Chop Chop…

Still, something had to be done urgently. Indeed, the Parisian art dealers held the upper hand and completely controlled the market for American painting. In fact, Parisian merchants enjoyed a monopoly in the American market.

Frescoe by Diego Rivera originated at Rockefeller Center in New York. 1933. Destroyed and then reproduced in Mexico City. Museo Frida Khalo 1934
“Man at the crossroads looking with hope and elevation on the choice of a better future”

American artists could see that the buying of painting in New York was dominated by the agents of Parisian gallery owners, who, each time, discouraged their American clients from buying works of natives … any minor talent, if he was. listed on the Parisian “art exchange”, could more easily sell on the American market deceitful and perverse works than a major American talent could do for his sincere and well-made works “, writes Forbes Watson (” American painting to-day ”, American federation of arts, 1939).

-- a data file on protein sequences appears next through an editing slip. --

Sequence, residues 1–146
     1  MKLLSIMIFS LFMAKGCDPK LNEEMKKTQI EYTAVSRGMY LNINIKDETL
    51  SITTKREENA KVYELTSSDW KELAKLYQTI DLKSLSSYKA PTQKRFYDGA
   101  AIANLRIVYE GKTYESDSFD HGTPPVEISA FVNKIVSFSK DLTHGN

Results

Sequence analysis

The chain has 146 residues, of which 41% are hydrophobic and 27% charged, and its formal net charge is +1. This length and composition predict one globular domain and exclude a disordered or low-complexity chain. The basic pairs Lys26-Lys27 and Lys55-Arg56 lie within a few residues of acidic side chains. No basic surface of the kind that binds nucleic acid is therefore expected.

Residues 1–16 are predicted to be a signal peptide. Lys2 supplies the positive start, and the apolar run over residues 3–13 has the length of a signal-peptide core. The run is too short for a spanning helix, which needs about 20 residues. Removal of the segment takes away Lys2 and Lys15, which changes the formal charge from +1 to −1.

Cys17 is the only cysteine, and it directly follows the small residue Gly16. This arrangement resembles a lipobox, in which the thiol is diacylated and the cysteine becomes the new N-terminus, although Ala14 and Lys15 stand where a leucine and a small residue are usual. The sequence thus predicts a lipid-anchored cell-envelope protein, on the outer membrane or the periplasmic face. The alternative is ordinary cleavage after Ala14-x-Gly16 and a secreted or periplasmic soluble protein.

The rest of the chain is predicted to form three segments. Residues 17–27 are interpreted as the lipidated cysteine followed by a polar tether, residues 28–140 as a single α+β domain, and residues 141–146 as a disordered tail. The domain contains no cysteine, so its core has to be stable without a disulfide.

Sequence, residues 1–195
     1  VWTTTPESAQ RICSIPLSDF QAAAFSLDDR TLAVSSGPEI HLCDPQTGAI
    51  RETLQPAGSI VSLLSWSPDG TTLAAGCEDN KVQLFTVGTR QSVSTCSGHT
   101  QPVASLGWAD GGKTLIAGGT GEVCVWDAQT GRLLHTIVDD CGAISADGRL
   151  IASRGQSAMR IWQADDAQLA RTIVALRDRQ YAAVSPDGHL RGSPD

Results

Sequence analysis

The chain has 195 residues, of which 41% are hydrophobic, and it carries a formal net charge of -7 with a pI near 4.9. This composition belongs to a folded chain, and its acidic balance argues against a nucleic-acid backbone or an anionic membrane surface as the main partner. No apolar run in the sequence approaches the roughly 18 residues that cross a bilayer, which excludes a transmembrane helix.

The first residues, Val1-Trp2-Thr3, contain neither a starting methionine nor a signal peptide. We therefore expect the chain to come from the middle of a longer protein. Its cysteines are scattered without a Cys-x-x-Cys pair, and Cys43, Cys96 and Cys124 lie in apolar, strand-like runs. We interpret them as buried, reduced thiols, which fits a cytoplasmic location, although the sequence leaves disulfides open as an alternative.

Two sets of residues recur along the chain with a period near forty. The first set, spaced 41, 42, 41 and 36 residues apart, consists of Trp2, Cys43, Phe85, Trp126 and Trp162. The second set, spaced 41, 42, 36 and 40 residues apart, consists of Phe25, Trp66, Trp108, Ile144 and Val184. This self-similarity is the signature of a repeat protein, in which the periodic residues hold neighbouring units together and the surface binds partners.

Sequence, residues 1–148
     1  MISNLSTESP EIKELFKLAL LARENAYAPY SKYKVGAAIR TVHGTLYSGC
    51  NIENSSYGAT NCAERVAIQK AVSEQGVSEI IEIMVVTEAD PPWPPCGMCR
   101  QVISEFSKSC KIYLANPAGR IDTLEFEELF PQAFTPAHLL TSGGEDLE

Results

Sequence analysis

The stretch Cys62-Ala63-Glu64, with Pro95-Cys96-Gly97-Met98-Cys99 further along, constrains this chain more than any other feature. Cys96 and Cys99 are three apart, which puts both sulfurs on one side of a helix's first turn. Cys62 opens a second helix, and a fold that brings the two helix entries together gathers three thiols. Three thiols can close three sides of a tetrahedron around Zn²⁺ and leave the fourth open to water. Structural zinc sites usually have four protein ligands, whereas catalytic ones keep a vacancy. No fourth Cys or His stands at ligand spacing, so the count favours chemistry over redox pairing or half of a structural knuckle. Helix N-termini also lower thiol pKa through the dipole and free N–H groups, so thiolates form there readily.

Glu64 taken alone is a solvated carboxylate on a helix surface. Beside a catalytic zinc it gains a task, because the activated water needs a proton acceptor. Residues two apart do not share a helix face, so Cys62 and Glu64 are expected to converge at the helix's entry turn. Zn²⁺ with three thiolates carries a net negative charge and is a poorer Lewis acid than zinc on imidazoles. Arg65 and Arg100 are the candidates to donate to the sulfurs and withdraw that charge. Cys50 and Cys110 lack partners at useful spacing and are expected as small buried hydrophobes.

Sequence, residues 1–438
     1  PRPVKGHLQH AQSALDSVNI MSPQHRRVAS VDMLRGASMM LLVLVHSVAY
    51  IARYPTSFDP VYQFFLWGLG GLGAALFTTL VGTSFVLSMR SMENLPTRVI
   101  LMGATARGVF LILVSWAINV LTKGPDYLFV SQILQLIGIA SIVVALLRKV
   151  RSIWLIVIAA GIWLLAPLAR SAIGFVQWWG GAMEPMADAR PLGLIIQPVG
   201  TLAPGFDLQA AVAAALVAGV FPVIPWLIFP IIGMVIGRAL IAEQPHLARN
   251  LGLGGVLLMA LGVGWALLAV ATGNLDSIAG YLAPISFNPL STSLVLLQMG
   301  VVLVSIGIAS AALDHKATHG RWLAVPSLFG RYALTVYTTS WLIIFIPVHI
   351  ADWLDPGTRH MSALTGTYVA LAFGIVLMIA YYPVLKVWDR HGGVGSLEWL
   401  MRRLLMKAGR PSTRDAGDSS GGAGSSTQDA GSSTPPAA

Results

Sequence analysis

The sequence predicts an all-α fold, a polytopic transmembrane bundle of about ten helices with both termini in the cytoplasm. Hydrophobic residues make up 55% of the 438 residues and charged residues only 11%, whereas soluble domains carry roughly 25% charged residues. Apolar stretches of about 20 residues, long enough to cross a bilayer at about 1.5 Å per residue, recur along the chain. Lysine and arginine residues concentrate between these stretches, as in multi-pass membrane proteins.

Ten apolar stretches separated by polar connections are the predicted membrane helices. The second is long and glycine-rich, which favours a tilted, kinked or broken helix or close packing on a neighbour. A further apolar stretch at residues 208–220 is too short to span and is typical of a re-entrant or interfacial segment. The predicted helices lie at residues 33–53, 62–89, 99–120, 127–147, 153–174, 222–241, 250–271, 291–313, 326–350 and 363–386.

So it was then that the Museum Of Modern Art (MoMA) appeared, which moved to a new, more prestigious building; for a first-rate museum in the United States had become an absolute necessity. This was the message conveyed by Paul Sachs, one of the seven founding members of the Museum, at the inauguration of the new quarters, declaring: “We need greater cooperation between museums and universities … the Museum Of Modern Art has a duty to the general public. For by serving the elite he will reach, much better than by any other means, the public at large … “(Paul Sachs,” Museum Of Modern Art Bulletin “, July 1939).

Paul Sachs (right) and museology students at the Fogg Museum (photo by George S. Woodruff, 1944. Fogg History Photographs, International News Photos, file 4. Harvard Art Museums Archives, Harvard University, Cambridge, MA)